The Public Relations Entrepreneur: Building a Firm vs. Going Solo

Article excerpt

During the last year or so, an increasing number of articles have cited ominous facts and figures about the recession and its undeniable effect on the public relations industry. Reports of personnel cutbacks at firms and declining client budgets have been featured in articles appearing in general news and trade publications; industry association meetings have devoted entire panel discussions to the topic; even cocktail party conversations have been strained as peers whisper about coworkers who have been laid off. In fact, employment at the top 25 firms' New York City offices dropped 11% in 1991, according to an article in a March 1992 issue of Crain's New York Business.

But despite this harsh reality there has been a developing trend that could very well shake up the entire industry: public relations professionals are increasingly choosing to leave their jobs at big public relations firms or corporations and venturing out on their own. Most of these entrepreneurs have started their own firms in search of greater financial and emotional stability. Whatever the reason, the number of public relations professionals starting their own businesses has skyrocketed, and companies of all sizes are responding favorably to these smaller, service-oriented shops.

"The business environment is changing," said William Lawrence, Ph.D., director of the Small Business Development Center in New York City. "My clients have indicated that major corporations are shifting their thinking and are embracing the wide range of creative, cost-efficient services provided by smaller firms. Companies are becoming increasingly budget-conscious and are realizing that they can turn to smaller service shops for many of the same creative services provided by larger firms, at a considerably lower cost."

Many of the public relations professionals who've started their own businesses are "going solo"--setting up as independent practitioners or consultants. Others have set their sights on building a public relations firm. While this distinction is important, all too often both categories are looked at as one group. Each choice presents a unique set of challenges and rewards. In addition, the individual's choice is indicative of his or her personality and long-term goals.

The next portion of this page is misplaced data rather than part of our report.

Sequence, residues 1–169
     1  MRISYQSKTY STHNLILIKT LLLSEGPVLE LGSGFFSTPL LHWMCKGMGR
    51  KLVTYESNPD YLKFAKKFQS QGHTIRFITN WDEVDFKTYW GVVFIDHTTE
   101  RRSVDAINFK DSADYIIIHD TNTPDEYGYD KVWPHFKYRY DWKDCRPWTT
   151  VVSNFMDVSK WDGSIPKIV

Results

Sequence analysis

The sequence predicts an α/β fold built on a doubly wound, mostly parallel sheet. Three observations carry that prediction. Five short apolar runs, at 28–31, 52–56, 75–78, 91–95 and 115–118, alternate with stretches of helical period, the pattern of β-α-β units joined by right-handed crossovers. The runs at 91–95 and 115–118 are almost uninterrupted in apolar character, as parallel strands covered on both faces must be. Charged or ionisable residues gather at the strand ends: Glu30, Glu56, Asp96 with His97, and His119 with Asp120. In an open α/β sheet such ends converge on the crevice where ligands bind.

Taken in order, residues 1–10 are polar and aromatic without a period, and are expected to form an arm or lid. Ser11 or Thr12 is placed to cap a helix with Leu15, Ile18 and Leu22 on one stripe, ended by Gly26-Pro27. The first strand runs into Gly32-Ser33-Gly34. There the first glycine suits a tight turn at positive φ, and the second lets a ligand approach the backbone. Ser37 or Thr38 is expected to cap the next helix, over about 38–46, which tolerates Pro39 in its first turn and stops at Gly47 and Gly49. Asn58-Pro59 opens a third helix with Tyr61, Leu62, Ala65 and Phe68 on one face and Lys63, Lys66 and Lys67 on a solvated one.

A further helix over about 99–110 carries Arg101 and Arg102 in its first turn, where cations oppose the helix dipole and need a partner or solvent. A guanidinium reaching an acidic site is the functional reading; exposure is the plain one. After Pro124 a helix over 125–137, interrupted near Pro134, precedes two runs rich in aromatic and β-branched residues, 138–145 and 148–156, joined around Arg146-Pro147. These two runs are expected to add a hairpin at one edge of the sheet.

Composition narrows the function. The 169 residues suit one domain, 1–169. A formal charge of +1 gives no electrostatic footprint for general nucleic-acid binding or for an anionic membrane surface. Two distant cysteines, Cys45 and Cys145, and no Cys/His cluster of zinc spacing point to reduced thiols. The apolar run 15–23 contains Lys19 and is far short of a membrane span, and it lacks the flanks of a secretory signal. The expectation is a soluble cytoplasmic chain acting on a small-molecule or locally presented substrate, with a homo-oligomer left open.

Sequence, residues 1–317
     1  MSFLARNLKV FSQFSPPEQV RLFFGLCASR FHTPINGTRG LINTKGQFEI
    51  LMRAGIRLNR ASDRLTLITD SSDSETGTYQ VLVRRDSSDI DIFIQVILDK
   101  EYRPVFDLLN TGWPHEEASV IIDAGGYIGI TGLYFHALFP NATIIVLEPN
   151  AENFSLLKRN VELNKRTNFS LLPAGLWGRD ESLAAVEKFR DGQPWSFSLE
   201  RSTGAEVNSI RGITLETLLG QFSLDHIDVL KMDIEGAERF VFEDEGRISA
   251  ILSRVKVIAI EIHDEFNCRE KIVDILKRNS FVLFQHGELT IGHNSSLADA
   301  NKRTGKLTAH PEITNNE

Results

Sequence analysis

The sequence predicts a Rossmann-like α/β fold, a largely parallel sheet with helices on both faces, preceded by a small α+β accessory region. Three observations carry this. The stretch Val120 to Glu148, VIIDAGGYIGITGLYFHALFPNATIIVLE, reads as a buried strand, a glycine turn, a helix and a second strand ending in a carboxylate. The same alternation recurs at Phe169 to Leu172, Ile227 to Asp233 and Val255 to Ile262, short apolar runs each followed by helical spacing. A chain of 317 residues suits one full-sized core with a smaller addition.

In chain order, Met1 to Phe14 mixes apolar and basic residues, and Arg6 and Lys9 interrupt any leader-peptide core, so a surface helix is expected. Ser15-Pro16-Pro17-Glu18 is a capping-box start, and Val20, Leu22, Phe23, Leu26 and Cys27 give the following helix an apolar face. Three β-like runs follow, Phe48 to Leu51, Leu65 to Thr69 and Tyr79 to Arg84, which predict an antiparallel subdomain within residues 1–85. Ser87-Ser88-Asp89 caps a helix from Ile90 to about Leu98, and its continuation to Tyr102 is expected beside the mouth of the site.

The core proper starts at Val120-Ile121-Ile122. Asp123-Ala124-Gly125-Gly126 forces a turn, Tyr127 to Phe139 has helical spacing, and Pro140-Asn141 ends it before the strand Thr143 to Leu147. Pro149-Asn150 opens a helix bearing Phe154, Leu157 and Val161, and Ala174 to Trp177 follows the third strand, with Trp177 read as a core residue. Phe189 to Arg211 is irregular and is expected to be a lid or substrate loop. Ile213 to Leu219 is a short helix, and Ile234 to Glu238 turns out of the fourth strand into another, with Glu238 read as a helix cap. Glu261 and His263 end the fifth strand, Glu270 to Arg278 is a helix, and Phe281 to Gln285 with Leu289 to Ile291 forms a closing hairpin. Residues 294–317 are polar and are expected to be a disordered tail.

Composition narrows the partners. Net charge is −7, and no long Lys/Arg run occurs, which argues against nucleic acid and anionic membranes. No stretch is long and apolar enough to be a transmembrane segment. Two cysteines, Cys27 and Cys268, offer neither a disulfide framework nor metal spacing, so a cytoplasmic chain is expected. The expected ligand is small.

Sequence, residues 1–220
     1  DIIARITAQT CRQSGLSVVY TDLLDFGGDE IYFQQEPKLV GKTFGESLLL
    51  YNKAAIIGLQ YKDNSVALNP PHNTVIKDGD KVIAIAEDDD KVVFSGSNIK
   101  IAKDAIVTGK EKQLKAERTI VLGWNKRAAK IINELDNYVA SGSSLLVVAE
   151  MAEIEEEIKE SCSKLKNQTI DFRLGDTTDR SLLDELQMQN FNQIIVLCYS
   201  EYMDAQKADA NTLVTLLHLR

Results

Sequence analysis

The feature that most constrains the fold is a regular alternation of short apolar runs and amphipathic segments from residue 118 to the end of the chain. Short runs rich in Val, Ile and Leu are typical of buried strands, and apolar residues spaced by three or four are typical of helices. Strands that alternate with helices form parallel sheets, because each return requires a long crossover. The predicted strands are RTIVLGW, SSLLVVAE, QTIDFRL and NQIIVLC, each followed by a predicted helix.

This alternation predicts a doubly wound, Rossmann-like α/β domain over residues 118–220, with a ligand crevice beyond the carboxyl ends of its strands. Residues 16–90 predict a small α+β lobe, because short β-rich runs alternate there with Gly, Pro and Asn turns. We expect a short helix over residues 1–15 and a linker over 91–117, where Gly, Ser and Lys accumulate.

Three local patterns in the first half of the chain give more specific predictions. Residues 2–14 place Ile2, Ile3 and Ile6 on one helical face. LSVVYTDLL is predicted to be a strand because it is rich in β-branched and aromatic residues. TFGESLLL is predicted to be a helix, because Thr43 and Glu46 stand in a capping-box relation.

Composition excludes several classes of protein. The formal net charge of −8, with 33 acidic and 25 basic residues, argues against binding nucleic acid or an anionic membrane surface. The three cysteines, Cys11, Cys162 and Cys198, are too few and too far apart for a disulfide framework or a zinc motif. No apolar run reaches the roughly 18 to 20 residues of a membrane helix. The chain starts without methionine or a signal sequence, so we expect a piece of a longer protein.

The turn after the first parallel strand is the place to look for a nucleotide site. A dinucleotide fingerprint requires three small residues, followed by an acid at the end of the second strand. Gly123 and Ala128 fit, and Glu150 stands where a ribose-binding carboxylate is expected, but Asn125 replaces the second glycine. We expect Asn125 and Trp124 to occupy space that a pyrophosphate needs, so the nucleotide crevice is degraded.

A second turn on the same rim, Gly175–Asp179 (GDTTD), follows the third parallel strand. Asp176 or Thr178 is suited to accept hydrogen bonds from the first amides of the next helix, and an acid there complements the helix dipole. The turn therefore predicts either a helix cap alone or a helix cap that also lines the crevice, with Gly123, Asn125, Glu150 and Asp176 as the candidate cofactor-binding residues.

Rhodes & Weinberg Inc., in New York City, was formed in 1992 by Dennis Rhodes and Pamela Weinberg. Weinberg voluntarily left a satisfying position as a public relations manager at Restaurant Associates to join Rhodes and build their own company. Their firm focuses on three areas of expertise--the broad-based hospitality industry, lifestyle and business-to-business.

Rhodes & Weinberg is currently providing public relations services for a number of large companies. They dismiss concerns about competing with big firms and stress that ambitious public relations professionals shouldn't shy away from competing with big firms for business. "Companies, whether big or small, have not expressed any concern about our size," said Weinberg. "They are happy to be dealing with the two principals of an agency, avoiding the layers of bureaucracy all too common at big public relations firms."

"Today's competitive business environment requires public relations professionals to really understand public relations and marketing. Clients need a smart, strategic-thinking 'business partner,'" added Rhodes. "To have a successful small agency you have to take this responsibility very seriously."

Many marketing executives discovered the advantages in dealing with smaller, cost-effective firms during their struggle to reduce their expenses in the tough economy. Happy with the caliber of the work and the personal attention of one or two senior-level executives that personally handle all aspects of their business, they are most likely to stick around, even when the economy fully recovers.

Louise Pollock and Jani Aronow left the New York City office of Ketchum Public Relations last year to form Aronow & Pollock Communications, Inc. …


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